From right to left: Rafael Iorio, full professor of Law on Estácio de Sá University - Gabriel Almeida, Ethics Fellow for the Future and undergraduate Law studente on UFF - Devin Stewart, Senior Fellow from Carnegie Council - Fernanda Duarte, Global Ethics Fellow, Federal Judge and full professor of Law on UFF and Estácio - Ronaldo Lucas da Silva, historian and associate editor of the Brazilian Journal of Military History - Michael Ignatieff, Carnegie Council Centennial Chair and Professor on Harvard University.
Since FIFA Confederation Cup occurred, about a month ago, the world has been closely observing Brazil. The huge events we are hosting in the next years, FIFA World Cup in 2014 an Olympics in 2016, as the ones we are now, like de World Youth Day, bring up vital questions: is Brazil ready to receive those events? How the international agenda is affecting local policies? How the population is reacting to all this?
This year, the Brazil watched the Mensalão Trial, where lots of politicians were condemned for corruption crimes. Corruption is one of the most difficult challenges that we have in Brazil, in order to establish our democracy. However, although we do have specific local issues, we can certainly affirm that corruption is not an exclusive problem of Brazil: every country has to challenge corruption. How do they deal with corruption? What can we learn from them? What can they learn from us?
In order to response those questions, the Carnegie Council for Ethics in International Affairs promote the Global Ethical Dialogue in which, as said Professor Michael Ignatieff, “Carnegie Council goes around the world looking at ethical problems and understanding what we have in common; the problems we have in common and the language we have in common to solve them.”.
The mission started in Uruguay and Argentina, and then it came to Brazil. During one week, from June 17th to June 21 th, members of the Carnegie Council for Ethics in International Affairs were in Rio de Janeiro in meetings with teachers, researchers, members of the judiciary, the executive, the legislature and civil society, debating issues on Ethics, Corruption, Public Trust, Environment and Sustainability.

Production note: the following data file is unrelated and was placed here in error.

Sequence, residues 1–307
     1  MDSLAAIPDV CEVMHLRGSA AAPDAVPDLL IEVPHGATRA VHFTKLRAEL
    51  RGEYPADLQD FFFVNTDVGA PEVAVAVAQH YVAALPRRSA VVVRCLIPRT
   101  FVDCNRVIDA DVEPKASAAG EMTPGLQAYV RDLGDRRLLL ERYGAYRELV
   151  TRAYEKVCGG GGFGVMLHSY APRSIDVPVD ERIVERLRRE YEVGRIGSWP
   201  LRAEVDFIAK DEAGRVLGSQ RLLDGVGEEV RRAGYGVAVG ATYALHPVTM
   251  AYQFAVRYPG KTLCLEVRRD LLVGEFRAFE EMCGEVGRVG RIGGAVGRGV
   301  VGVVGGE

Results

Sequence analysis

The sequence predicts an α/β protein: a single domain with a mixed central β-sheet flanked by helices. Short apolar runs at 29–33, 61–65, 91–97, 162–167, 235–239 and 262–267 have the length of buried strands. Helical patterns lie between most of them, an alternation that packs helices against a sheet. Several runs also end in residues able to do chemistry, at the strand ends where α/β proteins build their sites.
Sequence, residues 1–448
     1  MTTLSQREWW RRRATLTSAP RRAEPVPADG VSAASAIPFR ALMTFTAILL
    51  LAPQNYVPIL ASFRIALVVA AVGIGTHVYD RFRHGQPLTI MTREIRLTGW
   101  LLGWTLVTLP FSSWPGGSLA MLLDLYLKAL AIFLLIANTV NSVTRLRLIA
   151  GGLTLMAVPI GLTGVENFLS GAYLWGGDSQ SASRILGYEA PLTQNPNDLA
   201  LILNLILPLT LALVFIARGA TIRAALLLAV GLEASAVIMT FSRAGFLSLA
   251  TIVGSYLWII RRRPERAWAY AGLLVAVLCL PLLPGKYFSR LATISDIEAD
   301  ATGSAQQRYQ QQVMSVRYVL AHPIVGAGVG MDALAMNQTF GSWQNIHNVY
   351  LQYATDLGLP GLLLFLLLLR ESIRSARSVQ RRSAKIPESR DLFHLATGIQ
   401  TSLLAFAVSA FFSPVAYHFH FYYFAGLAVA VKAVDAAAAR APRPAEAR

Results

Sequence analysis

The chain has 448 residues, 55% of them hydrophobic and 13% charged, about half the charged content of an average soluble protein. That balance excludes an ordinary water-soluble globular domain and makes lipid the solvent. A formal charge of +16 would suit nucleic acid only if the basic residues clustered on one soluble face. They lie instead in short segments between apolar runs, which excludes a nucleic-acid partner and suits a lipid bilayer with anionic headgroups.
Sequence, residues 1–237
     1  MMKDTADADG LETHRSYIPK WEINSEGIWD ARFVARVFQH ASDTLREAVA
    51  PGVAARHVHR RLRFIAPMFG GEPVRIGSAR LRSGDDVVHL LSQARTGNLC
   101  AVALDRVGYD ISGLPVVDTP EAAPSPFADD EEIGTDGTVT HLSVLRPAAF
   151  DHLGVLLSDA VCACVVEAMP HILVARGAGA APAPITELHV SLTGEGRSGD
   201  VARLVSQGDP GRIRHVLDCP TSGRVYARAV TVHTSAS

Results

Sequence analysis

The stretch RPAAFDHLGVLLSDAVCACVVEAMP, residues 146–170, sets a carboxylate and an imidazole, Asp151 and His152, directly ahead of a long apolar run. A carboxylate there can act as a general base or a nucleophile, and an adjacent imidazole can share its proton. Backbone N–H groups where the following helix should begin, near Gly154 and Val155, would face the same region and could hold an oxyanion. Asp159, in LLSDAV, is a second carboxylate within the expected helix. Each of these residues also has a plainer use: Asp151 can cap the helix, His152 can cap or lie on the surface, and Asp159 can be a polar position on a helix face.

Corruption and Public Trust was the main theme of the first two days of the Global Dialogues in Brazil. In the morning of June 17th, Monday, scholarships and researchers from the INCT-InEAC gathered onCCJF– Federal Justice Cultural Center - to discuss Brazilian law and juridical culture, and how it implies in the matters of ethics. The discussion was mediated by the Global Fellow Fernanda Duarte. For the professor Roberto Kant de Lima, PhD from Harvard and Professor on Federal Fluminense Law School, the first point about the Brazilian system is that "it is related to a dogmatic field of the law, where ideals are associated with the state: “Public” in Portuguese is associated with state; it is “state-owned.” The state therefore ranks higher than society, in a hierarchic way. The state governs society based on its own rules”
In the second day, on Estácio de Sá University, Professor Delton Meirelles, from LAFEP-UFF, mediated the debate between Professor Michael Ignatieff and the public. The direct talk between the public and the Professor made the debate really dynamic, where students could give theirs impressions about the topics in discussion.
In the third day of event, the main theme was Environment and Sustainability. The challenges of protecting the environment and the tensions between protection and development were the main points of the two debates of the day, which had dialogues between researchers, judges, journalists and members of Carnegie Mission.
After three days of instigating meetings and roundtables, Professor Michael Ignatieff gave us awonderful lecture, in which he made some thoughts about what he saw in Brazil.
One unpredictable fact made this beginning of mission more interesting: at the same time that Carnegie came to Brazil to discuss Corruption and Public Trust the Brazilian people came out streets to protest!
Professor Michael and the Senior Fellow Devin Stewart made a real “camp” in Rio de Janeiro’s protests. In the video below, we can see the Professor talking to a young student. When asked what she was protesting for, she said “PEC 37”. This proposal (a project for constitutional amendment) aimed to limit the investigation power of the Public Ministry, institution that in Brazilian Law is accountable for the criminal prosecution. In the week after the event, the controversial proposal (PEC that goes for project for constitutional amendment) came to be rejected by the Congress.
PEC 37 was not the only reason why people were on streets. We can’t for sure precise what was the agenda: the movement was very diffuse, and different groups were protesting for different reasons. The high costs of living and the bad conditions of the public services, the investments on big events like the World Cup, the Corruption on different levels of public administration, the low investments on education and health – all these points could be seen on papers on streets.
In this text, Devin Stewart gives his first thoughts about the lessons of the first part of the Global Ethical Dialogues Mission.
This short exposal of the Global Dialogues in Brazil is one idea to bring up questions and debates about Ethics and Law in comparative perspectives. As a proposal for starting a discussion: